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Celebration of bumper whio breeding season

February 27th, 2015
[DOC press release]

The Department of Conservation is celebrating this year's bumper whio/blue duck breeding season in eastern parts of Kahurangi National Park with a public whio day event.

The event will be held at Tapawera Area School from 2pm on Thursday 5 March. It will focus on information about whio and displays of welcome posters created by students at the school.

Department of Conservation Motueka Senior Ranger Kate Steffens said this is the most successful breeding season yet in the 11 years of the Wangapeka-Fyfe Whio Security Site in Kahurangi National Park.

"Sixteen pairs have produced 36 fledglings between them. The average of 2.2 fledglings per monitored pair is the site's highest breeding rate to date."

A further nine fledglings have been hatched and raised at the Isaac Conservation and Wildlife Trust in Christchurch as part of the WHIONE (whio nest egg) programme, and will be released into the park on 5 March. They will stop in very briefly at the event on the way to their new home.

Kate said whio in other eastern areas of the park also appeared to have had a productive breeding season.

"Sightings of whio families have been coming in from all over the park. Whio ducklings have been seen at the confluence of the Karamea and Crow rivers for the first time in years."

The whio security site, centred on the Wangapeka and Fyfe river catchments, is one of eight nationally, ensuring the survival of whio in the wild through DOC's partnership with Genesis Energy in the Whio Forever Project. The site is managed with the goal of establishing 50 pairs there, with at least 30 pairs currently.

Kate said low rainfall had contributed to the good whio breeding as whio nests were commonly destroyed by flooded waterways from heavy rainfall.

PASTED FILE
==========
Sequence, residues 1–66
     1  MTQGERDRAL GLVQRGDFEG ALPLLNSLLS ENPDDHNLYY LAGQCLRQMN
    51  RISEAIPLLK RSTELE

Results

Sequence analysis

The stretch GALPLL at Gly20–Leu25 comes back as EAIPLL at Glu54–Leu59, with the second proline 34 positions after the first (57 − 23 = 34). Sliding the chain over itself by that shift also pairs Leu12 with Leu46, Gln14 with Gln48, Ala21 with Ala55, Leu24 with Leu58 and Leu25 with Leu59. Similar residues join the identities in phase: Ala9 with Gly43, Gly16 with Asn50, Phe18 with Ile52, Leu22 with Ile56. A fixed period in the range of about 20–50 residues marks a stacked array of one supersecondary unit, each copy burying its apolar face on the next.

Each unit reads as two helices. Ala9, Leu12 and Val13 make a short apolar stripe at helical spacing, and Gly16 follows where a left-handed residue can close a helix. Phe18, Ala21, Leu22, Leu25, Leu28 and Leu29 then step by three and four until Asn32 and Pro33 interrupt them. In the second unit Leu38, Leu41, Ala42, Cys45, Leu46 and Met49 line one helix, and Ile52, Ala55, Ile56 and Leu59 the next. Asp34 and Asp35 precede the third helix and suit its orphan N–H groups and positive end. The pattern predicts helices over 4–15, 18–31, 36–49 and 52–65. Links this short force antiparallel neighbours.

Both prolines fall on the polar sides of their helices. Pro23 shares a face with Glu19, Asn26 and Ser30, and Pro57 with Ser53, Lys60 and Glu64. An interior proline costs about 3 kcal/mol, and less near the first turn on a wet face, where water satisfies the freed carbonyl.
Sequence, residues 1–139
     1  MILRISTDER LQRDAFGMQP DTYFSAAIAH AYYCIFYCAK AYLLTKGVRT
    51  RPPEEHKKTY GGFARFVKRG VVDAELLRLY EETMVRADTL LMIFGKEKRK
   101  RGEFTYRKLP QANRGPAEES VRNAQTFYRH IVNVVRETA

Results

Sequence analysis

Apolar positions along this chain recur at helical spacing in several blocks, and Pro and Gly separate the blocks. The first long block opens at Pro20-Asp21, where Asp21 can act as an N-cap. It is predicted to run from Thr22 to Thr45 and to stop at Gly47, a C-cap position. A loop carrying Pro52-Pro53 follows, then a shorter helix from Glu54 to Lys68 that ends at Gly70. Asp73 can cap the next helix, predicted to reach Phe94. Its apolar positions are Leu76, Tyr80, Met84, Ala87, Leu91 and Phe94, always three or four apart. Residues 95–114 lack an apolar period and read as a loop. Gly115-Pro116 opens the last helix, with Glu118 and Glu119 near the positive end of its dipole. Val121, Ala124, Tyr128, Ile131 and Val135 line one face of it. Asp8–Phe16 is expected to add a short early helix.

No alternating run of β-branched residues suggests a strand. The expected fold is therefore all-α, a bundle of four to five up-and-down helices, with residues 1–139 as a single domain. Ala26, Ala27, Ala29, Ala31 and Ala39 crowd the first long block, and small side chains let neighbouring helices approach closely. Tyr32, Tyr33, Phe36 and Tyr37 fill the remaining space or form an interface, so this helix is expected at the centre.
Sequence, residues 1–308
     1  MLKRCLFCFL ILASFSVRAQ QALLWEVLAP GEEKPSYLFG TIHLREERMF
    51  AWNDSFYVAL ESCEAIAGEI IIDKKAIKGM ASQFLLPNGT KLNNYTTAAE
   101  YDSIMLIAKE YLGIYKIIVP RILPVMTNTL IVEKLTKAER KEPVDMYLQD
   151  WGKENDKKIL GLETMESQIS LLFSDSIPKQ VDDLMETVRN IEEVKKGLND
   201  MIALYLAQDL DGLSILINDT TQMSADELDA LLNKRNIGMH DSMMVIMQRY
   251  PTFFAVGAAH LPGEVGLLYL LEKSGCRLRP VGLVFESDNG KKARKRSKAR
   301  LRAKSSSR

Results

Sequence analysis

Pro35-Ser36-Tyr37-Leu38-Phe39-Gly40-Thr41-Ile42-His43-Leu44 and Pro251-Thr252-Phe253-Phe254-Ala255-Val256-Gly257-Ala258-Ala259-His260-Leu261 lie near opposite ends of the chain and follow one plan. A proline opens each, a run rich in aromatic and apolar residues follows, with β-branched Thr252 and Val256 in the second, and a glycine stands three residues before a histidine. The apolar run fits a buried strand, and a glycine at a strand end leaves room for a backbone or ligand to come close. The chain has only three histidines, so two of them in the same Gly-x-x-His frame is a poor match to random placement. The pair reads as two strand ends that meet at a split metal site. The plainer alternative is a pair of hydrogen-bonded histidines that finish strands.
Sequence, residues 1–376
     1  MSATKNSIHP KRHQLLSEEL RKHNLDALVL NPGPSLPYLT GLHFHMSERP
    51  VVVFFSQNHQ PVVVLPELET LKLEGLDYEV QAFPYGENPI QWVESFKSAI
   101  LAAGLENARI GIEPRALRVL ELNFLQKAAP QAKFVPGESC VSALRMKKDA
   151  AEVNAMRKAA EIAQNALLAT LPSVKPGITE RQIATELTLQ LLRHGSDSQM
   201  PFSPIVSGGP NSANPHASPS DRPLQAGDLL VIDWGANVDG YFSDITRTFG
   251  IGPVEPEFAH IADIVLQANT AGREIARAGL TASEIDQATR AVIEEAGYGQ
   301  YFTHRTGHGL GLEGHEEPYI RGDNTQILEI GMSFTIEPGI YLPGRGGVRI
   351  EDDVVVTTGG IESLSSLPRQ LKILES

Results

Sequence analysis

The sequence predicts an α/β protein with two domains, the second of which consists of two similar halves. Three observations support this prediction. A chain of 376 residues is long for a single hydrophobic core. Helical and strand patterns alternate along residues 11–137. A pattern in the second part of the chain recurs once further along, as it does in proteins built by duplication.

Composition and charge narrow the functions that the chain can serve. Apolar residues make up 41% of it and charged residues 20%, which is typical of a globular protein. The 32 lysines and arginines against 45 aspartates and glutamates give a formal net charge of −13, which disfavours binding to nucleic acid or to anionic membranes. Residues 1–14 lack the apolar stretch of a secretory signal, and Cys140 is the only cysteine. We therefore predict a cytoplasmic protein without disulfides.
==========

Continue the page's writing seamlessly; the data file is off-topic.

Aerial 1080 pest control in the Wangapeka Fyfe Whio Security Site and other parts of Kahurangi National Park last year is also helping to protect whio from stoats which are the biggest predator threat to the native ducks. The site also has stoat trapping along 73km of the waterway.

Genesis Energy and the Department of Conservation have partnered together in a five year programme to secure the future of this unique vulnerable native bird. Operating under the name of Whio Forever this partnership is fast tracking implementation of the national Whio Recovery Plan to protect whio and increase public awareness.

The support of Genesis Energy is enabling DOC to double the number of fully secure whio breeding sites throughout the country, boost pest control efforts and enhance productivity and survival for these rare native ducks.

The whio is a threatened species of native duck that is only found in New Zealand's fast flowing waters. Featured on New Zealand's $10 note and with an estimated nationwide population of less than 2500 birds, whio are rarer than kiwi.

Whio are adapted to live on fast-flowing rivers so finding whio means you will also find clean, fast-flowing water with a good supply of underwater insects. This makes whio important indicators of ecosystem health - they only exist where there is high quality clean and healthy waterways.

 



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